For the most part, I gave up watching pro football at the start of the 2014 season because of the high risk of long-term brain injury — a risk that the NFL spent millions of dollars trying to hush up for many years.

Studies have shown — and the NFL has acknowledged that nearly one out of three pro players ends up with neurological problems of some sort, the worst being CTE, or chronic traumatic encephalopathy, which literally reduces the size of the brain.

My personal withdrawal from pro football hasn’t been extremely difficult — I have substituted a lot of televised golf — and I have continued to watch a little college football.

But after reading an extremely troubling and sensitive story by sports columnist Sam Mellinger in the Sunday Star, I’m starting to wonder if I should swear off following football at every level.

The story was about a former high school and college player named Michael Keck, who grew up in Harrisonville and ended up dying of CTE complications at age 25…No, I didn’t get those numbers transposed; 25.

When he died in 2013, he left behind his wife Cassandra and their 2-year-old son Justin.


Michael Keck

I think the word sad is applied too frequently and too loosely, but it certainly applies to this story…Michael took a lot of hits during his playing years, but the worst was at his last stop, Missouri State, when he took “a massive blow” to the head when the pads inside his helmet were losing air. Shortly after that hit, he quit playing football.

Within a couple of years, signs of trouble began popping up, like forgetting his keys or wallet. The problems escalated to uncontrollable anger — a symptom of CTE. Soon he became violent toward Cassandra — so violent that she developed an emergency self-defense plan. Mellinger explained:

“She moved the dresser in a way that she could shut the door and stiffen her legs against the furniture to keep him out. She didn’t always get there in time, so she learned to protect herself. Arms up.”

Incredibly, as her husband’s mind disintegrated and he turned on her out of frustration and convenience, Cassandra responded with love, compassion and understanding.

“I never took it personal,” she said. “I saw everything. I was with him every day. He showed me every part of his suffering. I saw it all.”


Cassandra and Justin Keck

(As I read the story, my heart went out to Cassandra as much as Michael. Her commitment and courage make her worthy of a story in her own right. I hope that down the road Mellinger will consider a follow-up piece on Cassandra. I would like to know what unfolds for her.)

The unusual part of Michael’s case, obviously, is that CTE hit him so young. It usually begins exhibiting itself in former players when they are in their 50s, 60s or 70s. Because of the shockingly early onset, Mellinger wrote, Michael’s case is potentially ground-breaking for scientists and physicians studying the disease.

Mellinger quoted Ann McKee, a neuropathologist at Boston University who studied Michael’s brain.

“I have to say I was blown away. This case still stands out to me personally…It reinforces the notion that some people are very susceptible to this disease. They are exposed to this in amateur sports. They don’t have to be professional athletes bashing their heads in for a living. Michael, for whatever reason — and we need to figure it out — was very susceptible to this. This is just not acceptable.”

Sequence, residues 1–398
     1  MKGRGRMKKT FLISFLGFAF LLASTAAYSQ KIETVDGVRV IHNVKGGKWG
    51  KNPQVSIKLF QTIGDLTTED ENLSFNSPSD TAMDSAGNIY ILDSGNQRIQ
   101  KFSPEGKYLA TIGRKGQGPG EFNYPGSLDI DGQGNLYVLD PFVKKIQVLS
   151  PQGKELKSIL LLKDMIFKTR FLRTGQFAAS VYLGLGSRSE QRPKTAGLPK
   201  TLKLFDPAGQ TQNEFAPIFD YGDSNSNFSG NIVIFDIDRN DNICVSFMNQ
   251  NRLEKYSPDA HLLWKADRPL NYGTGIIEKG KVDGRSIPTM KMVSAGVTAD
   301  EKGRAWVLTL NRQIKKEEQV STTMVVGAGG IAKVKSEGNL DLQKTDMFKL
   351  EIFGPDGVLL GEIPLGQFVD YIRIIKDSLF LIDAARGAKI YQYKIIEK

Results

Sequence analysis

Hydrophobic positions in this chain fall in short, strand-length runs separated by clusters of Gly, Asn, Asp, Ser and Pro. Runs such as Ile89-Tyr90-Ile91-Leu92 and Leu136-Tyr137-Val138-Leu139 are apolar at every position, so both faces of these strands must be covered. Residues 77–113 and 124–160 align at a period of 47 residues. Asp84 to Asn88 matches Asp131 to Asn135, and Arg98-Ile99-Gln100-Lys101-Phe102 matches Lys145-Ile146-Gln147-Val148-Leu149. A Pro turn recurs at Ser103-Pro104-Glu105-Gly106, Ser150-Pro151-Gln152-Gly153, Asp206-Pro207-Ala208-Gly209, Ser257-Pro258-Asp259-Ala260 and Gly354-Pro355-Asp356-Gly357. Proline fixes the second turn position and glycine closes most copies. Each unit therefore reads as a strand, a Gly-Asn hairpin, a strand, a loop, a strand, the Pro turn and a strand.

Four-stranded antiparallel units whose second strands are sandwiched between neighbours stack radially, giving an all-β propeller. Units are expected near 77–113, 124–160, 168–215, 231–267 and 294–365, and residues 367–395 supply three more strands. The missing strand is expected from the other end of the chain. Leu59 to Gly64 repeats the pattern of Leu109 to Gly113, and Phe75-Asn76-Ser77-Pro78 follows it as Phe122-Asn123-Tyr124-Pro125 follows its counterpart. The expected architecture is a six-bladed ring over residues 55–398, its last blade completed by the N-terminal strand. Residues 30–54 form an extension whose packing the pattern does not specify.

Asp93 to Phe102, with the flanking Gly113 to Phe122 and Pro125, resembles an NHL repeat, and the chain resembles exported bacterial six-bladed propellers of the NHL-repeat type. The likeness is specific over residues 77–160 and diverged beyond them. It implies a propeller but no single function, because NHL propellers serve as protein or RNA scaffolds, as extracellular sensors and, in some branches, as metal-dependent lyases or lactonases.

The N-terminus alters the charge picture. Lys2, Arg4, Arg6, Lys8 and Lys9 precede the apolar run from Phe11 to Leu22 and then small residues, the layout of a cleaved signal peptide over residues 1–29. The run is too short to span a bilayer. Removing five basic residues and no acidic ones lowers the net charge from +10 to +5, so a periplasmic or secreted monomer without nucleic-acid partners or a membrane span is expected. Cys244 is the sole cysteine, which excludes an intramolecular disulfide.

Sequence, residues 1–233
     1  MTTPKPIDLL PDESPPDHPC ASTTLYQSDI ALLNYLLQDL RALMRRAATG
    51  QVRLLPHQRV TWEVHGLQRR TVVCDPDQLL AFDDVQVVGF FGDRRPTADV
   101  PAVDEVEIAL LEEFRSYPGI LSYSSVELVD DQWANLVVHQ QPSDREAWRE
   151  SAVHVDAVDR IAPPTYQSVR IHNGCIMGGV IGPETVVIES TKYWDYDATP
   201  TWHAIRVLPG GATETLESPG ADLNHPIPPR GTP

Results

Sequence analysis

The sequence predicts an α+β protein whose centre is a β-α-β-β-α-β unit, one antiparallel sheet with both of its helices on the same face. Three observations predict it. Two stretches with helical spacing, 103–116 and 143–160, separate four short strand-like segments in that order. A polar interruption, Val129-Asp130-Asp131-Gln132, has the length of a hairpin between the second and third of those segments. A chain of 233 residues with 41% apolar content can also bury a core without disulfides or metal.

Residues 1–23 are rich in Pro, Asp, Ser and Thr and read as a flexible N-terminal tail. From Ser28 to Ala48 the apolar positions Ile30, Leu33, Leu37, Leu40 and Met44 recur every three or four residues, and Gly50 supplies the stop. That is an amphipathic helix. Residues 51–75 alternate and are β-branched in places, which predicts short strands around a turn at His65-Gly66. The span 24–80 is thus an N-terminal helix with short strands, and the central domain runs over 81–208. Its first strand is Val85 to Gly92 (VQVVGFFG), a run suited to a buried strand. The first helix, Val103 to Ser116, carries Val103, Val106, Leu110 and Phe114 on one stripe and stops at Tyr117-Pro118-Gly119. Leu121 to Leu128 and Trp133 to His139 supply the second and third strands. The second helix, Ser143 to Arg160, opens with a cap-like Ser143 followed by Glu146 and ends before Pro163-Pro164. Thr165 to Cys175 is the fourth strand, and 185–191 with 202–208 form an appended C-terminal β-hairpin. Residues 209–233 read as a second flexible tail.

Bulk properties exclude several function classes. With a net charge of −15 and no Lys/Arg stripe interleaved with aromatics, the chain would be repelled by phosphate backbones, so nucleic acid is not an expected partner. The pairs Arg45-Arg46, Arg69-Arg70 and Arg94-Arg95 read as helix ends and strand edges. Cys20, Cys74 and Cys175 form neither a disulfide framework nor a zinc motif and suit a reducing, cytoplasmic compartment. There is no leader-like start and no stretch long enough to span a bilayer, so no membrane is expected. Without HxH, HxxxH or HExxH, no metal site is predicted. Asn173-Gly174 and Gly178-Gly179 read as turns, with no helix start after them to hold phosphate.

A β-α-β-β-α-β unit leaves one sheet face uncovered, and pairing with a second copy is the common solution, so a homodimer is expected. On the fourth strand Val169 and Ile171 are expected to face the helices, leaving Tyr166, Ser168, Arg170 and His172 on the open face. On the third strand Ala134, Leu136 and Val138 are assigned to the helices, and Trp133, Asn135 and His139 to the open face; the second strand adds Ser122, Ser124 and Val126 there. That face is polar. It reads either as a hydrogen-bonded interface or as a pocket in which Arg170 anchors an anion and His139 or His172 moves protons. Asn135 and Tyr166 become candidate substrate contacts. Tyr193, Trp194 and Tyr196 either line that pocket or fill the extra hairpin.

This is very frightening…And I’ll tell you something else that is frightening. This morning, I looked at the NFL injury report prior to this week’s games. The report lists the injured players on every team and their playing status.

I counted the number of players listed with concussions. Fifteen. That’s a big number. That’s 15 individuals who are significantly closer to developing CTE. Some might well be lucky and never develop it, but the odds are that at least one out of three of them will develop CTE…Concussions today, when they’re young and “healthy,” and chronic trauma when they’re older and the cheers and big money have stopped.

…In yesterday’s Chiefs-Chargers game — a bit of which I listened to on the radio on the way home from the golf course — one player for each team went out with a concussion. In addition, Chiefs’ wide receiver and punt returner Jeremy Maclin came out of the game for several plays after a helmet-to-helmet hit. I guess he passed the “concussion protocol” and then came back in the game — a move that left WHB radio personality Kevin Kietzman beside himself. On his show this afternoon, he said the hit was obviously so jarring that Maclin should have been kept out as a precaution, even if he passed the concussion test.

…And here’s the topper. St. Louis Rams quarterback Case Keenum got his head slammed violently to the turf in a game against the Baltimore Ravens. Despite being loopy, he was allowed to stay in the game.

Here’s how Bernie Miklasz, a sports-talk radio host and former columnist for the St. Louis Post-Dispatch, described the scene after Keenum went down.

“Clearly disoriented, Keenum squirmed on the ground. You could see him holding his head. Teammate Garrett Reynolds tried to pull Keenum up and get him to his feet, but Keenum wobbled and flopped down again. He was on all fours, then rolled over. Reynolds made a second try, and Keenum barely managed to raise himself up. His mind was in a different location.”


Case Keenum, after the hit

Not only did Rams’ Coach Jeff Fisher and other team officials fail to do anything — Fisher said later he didn’t see Keenum (yeah, sure) — neither did the NFL injury “spotter” assigned to the game. The spotter has the authority to halt play if he has reason to believe a player may have suffered a concussion, and the player must come out of the game and be administered the concussion test.

Didn’t happen yesterday. Ready, set, hike…On with the game.

But after the game, guess what? Yeah, Keenum was diagnosed with a concussion.

The NFL is now investigating the circumstances, trying to determine why Keenum was not removed from the game.

What a joke. NFL football — and quite possibly football at lower levels — is killing people. Yes, the players are now aware of the risks and are choosing to play anyway, but, holy shit, isn’t this, yes, sad?

…Do you remember the old Waylon Jennings song “Mama, Don’t Let Your Babies Grow Up to Be Cowboys”? Well, I hope mothers everywhere are paying close attention to these concussions and to the incidence of CTE and vowing not to let their babies grow up to be football players.